Extract of press news on higher education in Africa

  1. University World News

US$5 million allocated for university technology hubs (Zimbabwe)

The Zimbabwe government has set aside more than US$5 million to put in place technology hubs at six state-run universities in a move that it hopes will spearhead the country’s industrialisation and modernisation. Zimbabwe’s Minister of Higher and Tertiary Education, Science and Technology Development Professor Amon Murwira said the first university hub is expected to be commissioned next month. He said the hubs will transform the education sector from a service sector to a production sector. “Our level of development is lower than our literacy rate and this is a shift. It is not necessarily a revolution to other countries, but it’s a revolution to us. We want to transform the education system from a service sector to a production sector.” The University of Zimbabwe, the National University of Science and Technology, the Harare Institute of Technology, the Midlands State University, Chinhoyi University of Technology and the Zimbabwe National Defence University will benefit from the initiative. “The universities are putting in place the structures. We have more than US$5 million for this. We will continue to make the hubs more complex. It’s a continuous process that we will continue to fund annually,” said Murwira. The innovation hubs will test good ideas and turn them into prototypes before patenting. Click this Link for more details.
  1. Modern Diplomacy

Modernizing higher education for economic growth (Malawi)

Malawi has fewer affordable universities than it has students who want to go to them, leaving college out of reach for many. Enrollment in tertiary education is low, but more and more Malawians hunger for it. With IDA financing from the World Bank, Malawian citizens now have more options. The five-year, $51 million Skills Development Project is helping public universities to strengthen and increase public access to programs that cater to sectors critical to Malawi’s economic growth. These include engineering, natural resources extraction, agriculture, construction, health services, tourism, and hospitality. Beyond the establishment of the National Council for Higher Education, project funding supports a range of activities at institutions, including improving course offerings and staff skills, renovating infrastructure, and setting up satellite facilities. To expand the range of scientific skills and mid-level technicians needed to fuel Malawi’s economy, 39 new programs have been developed by universities, with the participation of the private sector ensuring their relevance to the economy. By 2017, these programs contributed 44 percent of the new student intake to public universities. Diploma programs at universities have also been bolstered to increase the training of mid-level career personnel needed by various trades. For example, the University of Malawi’s Polytechnic now offers 10 technician-level engineering diploma programs in subjects like mining, telecommunications, and health. By 2019, these programs are expected to have enrolled 750 diploma students. Click this Link for more details.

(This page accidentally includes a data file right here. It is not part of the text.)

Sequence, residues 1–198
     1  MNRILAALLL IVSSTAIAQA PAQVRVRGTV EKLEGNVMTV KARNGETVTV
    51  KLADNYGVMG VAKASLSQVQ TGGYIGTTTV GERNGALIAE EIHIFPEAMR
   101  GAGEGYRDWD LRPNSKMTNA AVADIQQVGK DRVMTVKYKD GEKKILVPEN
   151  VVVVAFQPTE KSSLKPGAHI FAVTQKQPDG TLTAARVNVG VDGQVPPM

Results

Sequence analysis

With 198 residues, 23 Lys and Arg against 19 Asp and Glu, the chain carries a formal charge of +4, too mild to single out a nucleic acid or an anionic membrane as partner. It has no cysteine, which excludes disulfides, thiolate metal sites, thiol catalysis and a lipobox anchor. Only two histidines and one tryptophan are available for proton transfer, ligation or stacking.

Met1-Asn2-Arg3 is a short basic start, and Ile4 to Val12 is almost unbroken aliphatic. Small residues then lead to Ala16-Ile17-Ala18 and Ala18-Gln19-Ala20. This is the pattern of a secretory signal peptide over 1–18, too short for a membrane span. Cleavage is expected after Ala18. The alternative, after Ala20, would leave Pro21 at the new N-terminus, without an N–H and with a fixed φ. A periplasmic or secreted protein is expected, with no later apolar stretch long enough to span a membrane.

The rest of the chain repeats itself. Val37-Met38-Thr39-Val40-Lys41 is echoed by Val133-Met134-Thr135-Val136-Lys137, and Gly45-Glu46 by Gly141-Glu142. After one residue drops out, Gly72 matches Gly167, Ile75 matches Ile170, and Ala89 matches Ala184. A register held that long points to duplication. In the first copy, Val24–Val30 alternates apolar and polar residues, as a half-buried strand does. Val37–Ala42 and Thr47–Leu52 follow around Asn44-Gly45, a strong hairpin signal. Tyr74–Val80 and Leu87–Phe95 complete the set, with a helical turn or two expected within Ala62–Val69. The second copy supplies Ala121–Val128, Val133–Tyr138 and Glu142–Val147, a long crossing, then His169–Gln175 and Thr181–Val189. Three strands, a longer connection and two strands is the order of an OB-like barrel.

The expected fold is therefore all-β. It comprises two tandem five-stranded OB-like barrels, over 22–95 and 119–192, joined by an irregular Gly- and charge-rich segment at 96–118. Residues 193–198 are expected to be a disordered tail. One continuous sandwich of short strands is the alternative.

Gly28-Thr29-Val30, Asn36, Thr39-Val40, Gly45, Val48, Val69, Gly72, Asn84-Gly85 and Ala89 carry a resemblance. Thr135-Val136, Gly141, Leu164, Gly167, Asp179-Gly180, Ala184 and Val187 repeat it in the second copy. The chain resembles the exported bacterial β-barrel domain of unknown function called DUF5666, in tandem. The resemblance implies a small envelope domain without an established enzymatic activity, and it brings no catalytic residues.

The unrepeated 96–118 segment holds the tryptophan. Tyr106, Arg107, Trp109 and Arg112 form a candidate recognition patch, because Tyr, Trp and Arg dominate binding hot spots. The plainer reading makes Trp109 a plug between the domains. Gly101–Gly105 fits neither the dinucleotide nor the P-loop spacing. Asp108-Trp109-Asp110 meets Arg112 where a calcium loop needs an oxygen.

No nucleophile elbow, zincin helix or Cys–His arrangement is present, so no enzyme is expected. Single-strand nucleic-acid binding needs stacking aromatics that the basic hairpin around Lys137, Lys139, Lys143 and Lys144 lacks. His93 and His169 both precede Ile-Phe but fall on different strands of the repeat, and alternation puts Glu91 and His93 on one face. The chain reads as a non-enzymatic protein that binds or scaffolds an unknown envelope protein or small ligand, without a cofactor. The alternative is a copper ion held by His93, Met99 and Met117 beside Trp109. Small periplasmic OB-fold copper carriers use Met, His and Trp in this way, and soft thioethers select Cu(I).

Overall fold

1. Ghana Web

The President of Ghana commends University of Professional Studies (UPSA) governing council for renaming university after founder (Ghana)

The President of the Republic, Nana Addo Dankwa Akufo-Addo, has commended the Governing Council of the University of Professional Studies for its decision, in accordance with the Statutes of the University, to rename the University after founder and first director of the University, Nana J. K. Opoku-Ampomah. According to President Akufo-Addo, “It is a most excellent decision, which has received the approval of the President of the Republic, so that, once the parliamentary process has been completed, this University will be called thenceforth the Opoku Ampomah University of Professional Studies.” President Akufo-Addo made this known on Wednesday, 25th April, 2018, when he delivered the keynote address at events marking the 4th special Congregation ceremony of the University of Professional Studies (UPSA). Click this Link for more details

  1. Business Ghana

TVET to transform Ghana’s economy (Ghana)

The Technical and Vocational Education Training (TVET), has the potential to lift Ghana out of its economic difficulties and setting it on the path to prosperity, Dr Matthew Opoku Prempeh, Minister of Education, has stated. He said there was, therefore, the need to continue with the conversation on the best strategies needed to transform Ghana’s national vision on technical education into actionable reality. “Ghana welcomes investors who seek to pitch camp here and collaborate with local institutions in bolstering our technical capacity, and strengthening skills training in the country,” Dr Opoku Prempeh, remarked in a statement read on his behalf on Tuesday at a Youth Employment and Skills (YES) Stakeholder Engagement Platform Meeting in Accra. “We similarly welcome collaboration and partnership in the area of equipment manufacture and the building of laboratories to feed our fledgling technical institutions and universities,” he added. The YES programme was organised by the African Center for Economic Transformation (ACET) with a particular focus on TVET and secondary education. It focused on the levers through which youth unemployment could be reduced by enhancing skills development to help meet the future job needs of young people. Dr Opoku Prempeh said a nation’s competitiveness depended to a large measure on the productivity of its work force, which in turn rested on the knowledge and skills of its work force. Click this Link for more details.

Download the complete issue: Media Monitoring.Extract for Higher Education news in Africa. 009

Source: Ruforum

Have your say here:

Your email address will not be published. Required fields are marked *